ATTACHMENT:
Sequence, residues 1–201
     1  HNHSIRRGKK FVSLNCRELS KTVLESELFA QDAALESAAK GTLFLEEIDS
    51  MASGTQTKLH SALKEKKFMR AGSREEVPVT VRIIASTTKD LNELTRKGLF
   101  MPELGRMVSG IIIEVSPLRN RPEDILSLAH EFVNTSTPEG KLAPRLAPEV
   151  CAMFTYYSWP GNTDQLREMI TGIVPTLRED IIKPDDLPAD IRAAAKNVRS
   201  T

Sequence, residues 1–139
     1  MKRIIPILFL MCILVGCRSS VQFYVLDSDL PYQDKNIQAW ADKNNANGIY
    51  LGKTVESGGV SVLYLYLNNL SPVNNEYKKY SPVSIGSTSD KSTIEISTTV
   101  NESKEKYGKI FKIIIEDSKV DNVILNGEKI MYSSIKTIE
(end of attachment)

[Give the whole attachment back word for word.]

Sequence, residues 1–201
     1  HNHSIRRGKK FVSLNCRELS KTVLESELFA QDAALESAAK GTLFLEEIDS
    51  MASGTQTKLH SALKEKKFMR AGSREEVPVT VRIIASTTKD LNELTRKGLF
   101  MPELGRMVSG IIIEVSPLRN RPEDILSLAH EFVNTSTPEG KLAPRLAPEV
   151  CAMFTYYSWP GNTDQLREMI TGIVPTLRED IIKPDDLPAD IRAAAKNVRS
   201  T

Sequence, residues 1–139
     1  MKRIIPILFL MCILVGCRSS VQFYVLDSDL PYQDKNIQAW ADKNNANGIY
    51  LGKTVESGGV SVLYLYLNNL SPVNNEYKKY SPVSIGSTSD KSTIEISTTV
   101  NESKEKYGKI FKIIIEDSKV DNVILNGEKI MYSSIKTIE